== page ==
Alone

Alone

A Story by Ian Reeve
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A dying man contemplates what comes after death.

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“I’m scared,”
I took his hand and gave it a gentle squeeze. “I know. I’m here. I’m not going anywhere.”
He looked terrible, but that’s what end stage lung cancer does to you. He lay there in the hospital bed, thin and wasted, tubes coming out of him. The doctors said he only had hours left. What do you say to someone like that? What words of reassurance can you give that don’t sound flat end empty? I had to say something, though, or the silence would be worse than anything. I racked my brain to think of something.
“Aunt Emily’s getting better. Finally getting over the flu.” He laughed harshly, a laugh that sent a shiver up my spine. It was a bad laugh, a laugh that suggested that he was anything but amused, and it shocked me because they’d always been so close, such good friends. Had something happened between them?
“I’m glad,” he said, seeing the look on my face. “I’m sorry. I’m glad she’s on the mend, I really am. It’s this place, it does things to you. Makes you think.”
I didn’t need to ask what it made him think about. The subject hung there between us, as if the Grim Reaper himself was standing beside the bed. I desperately tried to think of something else to say, but I didn’t want to hear that laugh again, I really didn’t. Where words failed, though, maybe simple physical contact would have some effect, so I just squeezed his hand again, trying to ignore how cold and bony it was. It made my skin crawl, but I held on anyway, hoping it would communicate something to him, ease the oppressive atmosphere that filled the room.
“I’ve been thinking,” he said. “About what happens after. After, you know.”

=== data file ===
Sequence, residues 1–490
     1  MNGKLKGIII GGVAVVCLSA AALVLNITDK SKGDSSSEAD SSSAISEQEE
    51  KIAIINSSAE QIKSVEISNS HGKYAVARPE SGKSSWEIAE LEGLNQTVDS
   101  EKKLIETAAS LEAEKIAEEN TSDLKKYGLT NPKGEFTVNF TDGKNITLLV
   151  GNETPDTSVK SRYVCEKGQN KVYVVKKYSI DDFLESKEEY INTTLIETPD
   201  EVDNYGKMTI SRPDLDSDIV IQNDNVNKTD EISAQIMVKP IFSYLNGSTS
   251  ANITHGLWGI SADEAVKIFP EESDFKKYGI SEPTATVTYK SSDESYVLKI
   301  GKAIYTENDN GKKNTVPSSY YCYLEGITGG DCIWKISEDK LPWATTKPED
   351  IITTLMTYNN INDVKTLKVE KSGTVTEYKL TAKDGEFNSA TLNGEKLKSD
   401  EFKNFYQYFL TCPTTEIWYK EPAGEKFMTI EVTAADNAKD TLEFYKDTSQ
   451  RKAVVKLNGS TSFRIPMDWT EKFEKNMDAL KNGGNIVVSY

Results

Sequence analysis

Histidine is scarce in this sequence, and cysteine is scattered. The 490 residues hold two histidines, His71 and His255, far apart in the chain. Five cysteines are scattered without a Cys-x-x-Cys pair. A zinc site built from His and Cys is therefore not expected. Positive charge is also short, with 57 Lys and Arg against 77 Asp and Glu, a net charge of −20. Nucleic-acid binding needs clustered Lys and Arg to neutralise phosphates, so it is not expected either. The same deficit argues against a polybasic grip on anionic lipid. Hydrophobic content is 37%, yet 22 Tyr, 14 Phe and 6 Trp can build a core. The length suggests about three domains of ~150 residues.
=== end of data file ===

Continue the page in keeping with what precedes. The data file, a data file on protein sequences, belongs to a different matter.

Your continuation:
I nodded. “You’ll be with them again. Your family.” I’d never been a religious man, never really believed in all that church stuff, but I was willing to pretend, to say the right words, if it helped him. I wasn’t expecting the look he gave me, though. A look of such utter horror and terror that it took my breath away. “What is it?” I asked. “What’s wrong?”
“Why do we have eyes?” he asked. It was such a non sequitur that it took a moment for my brain to process the words. “What?” I asked.
“Why do we have eyes? I’ve been thinking about that a lot ever since this whole thing began. Why do we have eyes?”
“Well, we have eyes to see with,” I replied hesitantly.
“Exactly!” he exclaimed, sitting up a little in his bed and fixing me with his pale, watery eyes. “We have eyes to see with! But what about after we’re dead?”
“We don’t need eyes after... after.” I said. “You go to heaven, you’re with all your loved ones who went before.”
“You go to heaven, where you’re blind because you need eyes to see and your eyes are rotting in a grave somewhere.”
“Souls don’t need eyes to see,” I replied. I could see where he was going with this now, and it scared me a little.
“Don’t they? Then why do we have eyes? Why do we have eyes if our souls don’t need eyes?”
“Our eyes see while we’re alive,” I said. “Our souls see without them when we’re dead.”
‘But that makes no sense! Don’t you see? If we have souls, and our souls can see without eyes, why do we have eyes? Why don’t our souls see without eyes even while we’re alive?”